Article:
Is an employer liable when a practical joke goes wrong?
The short answer is “it depends”.
There have been a number of cases over the last few years regarding the scope of the doctrine of “vicarious liability”. This principle provides that an employer can be held liable for the wrongdoing of its employees against colleagues, customers or even members of the public where there is a sufficiently close connection to the workplace.
In the case Chell v Tarmac Cement and Lime Ltd, Chell, a site fitter, was a contractor working at one of Tarmac, Cement and Lime Limited’s (TCL) quarry sites. TCL also employed its own fitters. The employees were concerned that their roles were at risk and this resulted in tensions between them and the contractors. Chell raised his concerns about this tension with his supervisor but was happy to continue to work on site. Some weeks later one of TCL’s employees (H) played a prank on Chell – he put some pellet targets on a workbench near Chell’s ear and hit them with a hammer causing them to explode and perforate Chell’s ear drum. As a result, Chell suffered hearing loss and tinnitus and claimed damages for personal injury from TCL on the basis it was vicariously liable for H’s actions and directly liable for breaching its own duty of care to prevent a foreseeable risk of injury. He maintained that TCL should have removed one of them from the site or separated the employees and contractors and that there was insufficient supervision or training to prevent “horseplay”.
Chell’s claim was rejected in the country court on both grounds. The Judge concluded there was not a sufficiently close connection between the risk posed by the tensions between the workers and H’s wrongful act such that TCL should be vicariously liable nor was it reasonably foreseeable that there was a risk of injury to Chell from a deliberate act of horseplay.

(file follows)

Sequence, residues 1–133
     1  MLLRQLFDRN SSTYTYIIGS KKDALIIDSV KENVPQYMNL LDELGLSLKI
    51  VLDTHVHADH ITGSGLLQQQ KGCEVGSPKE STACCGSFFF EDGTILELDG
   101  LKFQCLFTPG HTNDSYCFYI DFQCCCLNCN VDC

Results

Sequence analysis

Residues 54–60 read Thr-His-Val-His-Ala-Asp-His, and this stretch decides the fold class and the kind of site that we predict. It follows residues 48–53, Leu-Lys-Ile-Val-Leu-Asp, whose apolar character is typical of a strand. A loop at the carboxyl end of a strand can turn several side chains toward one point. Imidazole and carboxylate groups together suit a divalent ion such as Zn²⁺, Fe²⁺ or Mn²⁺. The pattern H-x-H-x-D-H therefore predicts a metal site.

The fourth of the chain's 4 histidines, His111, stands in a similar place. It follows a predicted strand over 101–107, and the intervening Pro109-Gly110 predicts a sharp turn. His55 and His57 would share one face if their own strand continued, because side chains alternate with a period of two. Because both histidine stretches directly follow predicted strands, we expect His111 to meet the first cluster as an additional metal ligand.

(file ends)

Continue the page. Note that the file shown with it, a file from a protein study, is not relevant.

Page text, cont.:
An appeal to the High Court was also unsuccessful.
Chell appealed to the Court of Appeal (CA) but that too was dismissed. The Court of Appeal noted that for TCL to be vicariously liable for H’s wrongful act, it either needed to be done in the course of H’s employment (and authorised by TCL) or be an unauthorised way of doing something authorised by TCL.
The Court of Appeal found that H was not authorised to conduct his prank. Therefore, the prank had to be an unlawful way of doing something authorised and there had to be a “sufficiently close connection” between the prank and H’s work to make it fair, just and reasonable to make TCL vicariously liable.
These cases are fact sensitive but this decision will be reassuring to employers in that it makes it less likely that employers will be liable for a practical joke that goes wrong at work. The key points in this case were that the incident was unconnected to H’s work, not due to an abuse of power and not due to the friction reported on site. This case also demonstrates the importance of effective risk assessments.